In the Watchmen comic book (and forthcoming movie), one of the most intriguing characters is the omnipotent Dr. Manhattan, a superhero who can manipulate the physical laws of the universe as the result of a strange accident involving "atomic physics." After being exposed to radiation, Dr. Manhattan is suffused with a blue glow and can see through time. But it turns out there was actually a real-life version of Dr. Manhattan, a physical chemist named Louis Alexander Slotin who was exposed to the same radioactive particles as Dr. Manhattan and many other superheroes. Unfortunately, Slotin did not develop superstrength.
As Think Artificial puts it:
It's May 21, 1946, Louis Alexander Slotin, scientist with a Ph.D. in physical chemistry, is working on the Manhattan Project with his colleagues. Their experiment involves fission reaction, placing two half-spheres of beryllium around a plutonium core. At 3:20 p.m. Slotin is grasping an upper beryllium hemisphere with his left hand while maintaining separation of the sphere with a screwdriver-a tool that was not part of the protocol. The screwdriver slips and the upper hemisphere fell, causing a critical reaction and a burst of hard radiation. His colleagues report seeing a "blue glow" as the air ionized and felt a wave of heat. Slotin retracted his hand in reaction and the upper hemisphere fell on the floor. He was exposed to a lethal dose of radiation, equivalent of being 1500 meters away from a detonation of an atomic bomb. Nine days later, Slotin becomes the second victim in history to die of a criticality accident.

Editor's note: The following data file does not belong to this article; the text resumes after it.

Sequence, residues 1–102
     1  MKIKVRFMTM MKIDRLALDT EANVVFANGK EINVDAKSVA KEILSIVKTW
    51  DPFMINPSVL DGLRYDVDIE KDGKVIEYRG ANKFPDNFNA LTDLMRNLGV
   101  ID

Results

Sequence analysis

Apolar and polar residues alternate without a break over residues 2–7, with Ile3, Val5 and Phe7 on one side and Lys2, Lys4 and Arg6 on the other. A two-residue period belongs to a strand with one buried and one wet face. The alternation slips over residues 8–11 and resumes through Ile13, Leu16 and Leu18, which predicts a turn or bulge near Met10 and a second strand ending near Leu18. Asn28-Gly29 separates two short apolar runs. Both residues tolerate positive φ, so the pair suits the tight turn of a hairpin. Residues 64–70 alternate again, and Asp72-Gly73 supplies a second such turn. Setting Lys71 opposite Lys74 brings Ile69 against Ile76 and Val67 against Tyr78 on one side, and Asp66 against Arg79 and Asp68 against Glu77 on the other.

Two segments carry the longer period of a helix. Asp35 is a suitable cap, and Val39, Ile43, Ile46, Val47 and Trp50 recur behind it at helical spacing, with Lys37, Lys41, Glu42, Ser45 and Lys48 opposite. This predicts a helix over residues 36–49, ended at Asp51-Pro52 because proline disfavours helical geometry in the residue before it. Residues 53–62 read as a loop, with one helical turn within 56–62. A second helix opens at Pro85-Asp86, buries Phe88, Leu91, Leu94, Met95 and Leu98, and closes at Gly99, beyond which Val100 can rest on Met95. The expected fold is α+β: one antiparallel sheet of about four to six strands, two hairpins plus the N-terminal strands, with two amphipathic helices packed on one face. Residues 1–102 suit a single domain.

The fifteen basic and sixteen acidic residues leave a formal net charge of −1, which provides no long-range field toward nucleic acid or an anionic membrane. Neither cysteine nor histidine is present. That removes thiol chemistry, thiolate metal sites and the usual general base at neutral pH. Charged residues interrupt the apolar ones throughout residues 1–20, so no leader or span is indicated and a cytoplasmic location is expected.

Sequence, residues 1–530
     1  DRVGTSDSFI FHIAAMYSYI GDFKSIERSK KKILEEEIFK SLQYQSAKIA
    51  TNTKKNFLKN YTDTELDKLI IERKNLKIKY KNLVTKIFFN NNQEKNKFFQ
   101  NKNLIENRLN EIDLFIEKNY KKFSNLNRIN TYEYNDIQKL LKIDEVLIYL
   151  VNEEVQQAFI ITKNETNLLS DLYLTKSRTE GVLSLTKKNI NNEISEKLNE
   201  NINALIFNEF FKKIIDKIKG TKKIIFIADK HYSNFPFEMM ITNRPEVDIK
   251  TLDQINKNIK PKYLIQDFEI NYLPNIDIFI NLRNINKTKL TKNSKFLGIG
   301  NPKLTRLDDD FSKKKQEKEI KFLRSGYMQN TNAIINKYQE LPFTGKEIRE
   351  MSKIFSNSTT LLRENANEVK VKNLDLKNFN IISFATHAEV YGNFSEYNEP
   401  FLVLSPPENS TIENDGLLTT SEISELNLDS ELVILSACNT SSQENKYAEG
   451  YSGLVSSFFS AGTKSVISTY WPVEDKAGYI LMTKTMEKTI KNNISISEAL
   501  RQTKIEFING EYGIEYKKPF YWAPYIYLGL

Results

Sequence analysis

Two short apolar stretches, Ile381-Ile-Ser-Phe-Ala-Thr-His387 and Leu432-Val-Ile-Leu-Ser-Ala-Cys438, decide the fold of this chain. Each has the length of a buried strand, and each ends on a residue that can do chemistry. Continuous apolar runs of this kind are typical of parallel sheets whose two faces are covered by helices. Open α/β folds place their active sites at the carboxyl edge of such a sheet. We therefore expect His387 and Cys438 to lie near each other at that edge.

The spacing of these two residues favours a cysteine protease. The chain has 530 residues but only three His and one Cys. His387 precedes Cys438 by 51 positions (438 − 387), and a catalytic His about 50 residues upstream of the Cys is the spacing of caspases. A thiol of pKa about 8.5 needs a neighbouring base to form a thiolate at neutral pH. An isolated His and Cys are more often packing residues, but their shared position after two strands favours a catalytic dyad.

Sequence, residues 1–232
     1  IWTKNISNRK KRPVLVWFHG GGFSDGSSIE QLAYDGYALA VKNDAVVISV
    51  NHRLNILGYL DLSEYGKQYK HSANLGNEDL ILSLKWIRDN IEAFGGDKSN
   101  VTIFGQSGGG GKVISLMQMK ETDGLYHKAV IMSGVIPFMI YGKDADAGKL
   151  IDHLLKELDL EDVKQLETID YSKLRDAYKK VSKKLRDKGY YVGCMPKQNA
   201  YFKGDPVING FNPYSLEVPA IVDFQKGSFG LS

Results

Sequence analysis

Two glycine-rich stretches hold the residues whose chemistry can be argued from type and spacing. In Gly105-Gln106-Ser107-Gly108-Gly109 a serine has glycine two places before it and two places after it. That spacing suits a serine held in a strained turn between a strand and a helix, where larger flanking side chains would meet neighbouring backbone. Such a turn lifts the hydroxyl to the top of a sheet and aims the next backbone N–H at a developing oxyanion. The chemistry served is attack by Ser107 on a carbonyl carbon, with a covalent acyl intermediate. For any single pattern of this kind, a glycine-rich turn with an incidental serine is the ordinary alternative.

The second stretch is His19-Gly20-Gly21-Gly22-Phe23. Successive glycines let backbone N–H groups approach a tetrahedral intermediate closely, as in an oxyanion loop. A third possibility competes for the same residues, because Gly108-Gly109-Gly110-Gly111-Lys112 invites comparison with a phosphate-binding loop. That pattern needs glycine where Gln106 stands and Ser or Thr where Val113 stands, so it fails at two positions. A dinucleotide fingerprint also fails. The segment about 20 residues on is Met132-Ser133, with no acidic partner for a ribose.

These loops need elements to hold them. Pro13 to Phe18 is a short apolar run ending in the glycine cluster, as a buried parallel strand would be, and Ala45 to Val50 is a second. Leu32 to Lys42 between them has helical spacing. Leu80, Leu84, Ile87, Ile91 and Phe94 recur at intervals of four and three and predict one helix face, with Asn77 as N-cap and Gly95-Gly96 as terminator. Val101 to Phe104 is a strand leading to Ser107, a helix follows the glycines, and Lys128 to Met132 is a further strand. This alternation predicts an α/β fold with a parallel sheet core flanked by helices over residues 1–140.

So this is what would really happen to somebody exposed to high levels of radiation in the middle of a science experiment. No super-strength, no super-size. Just a human body, blasted by mutation-causing particles racing through the "blue light." Real Life Dr. Manhattan [via Think Artificial] Thanks, Hrafn!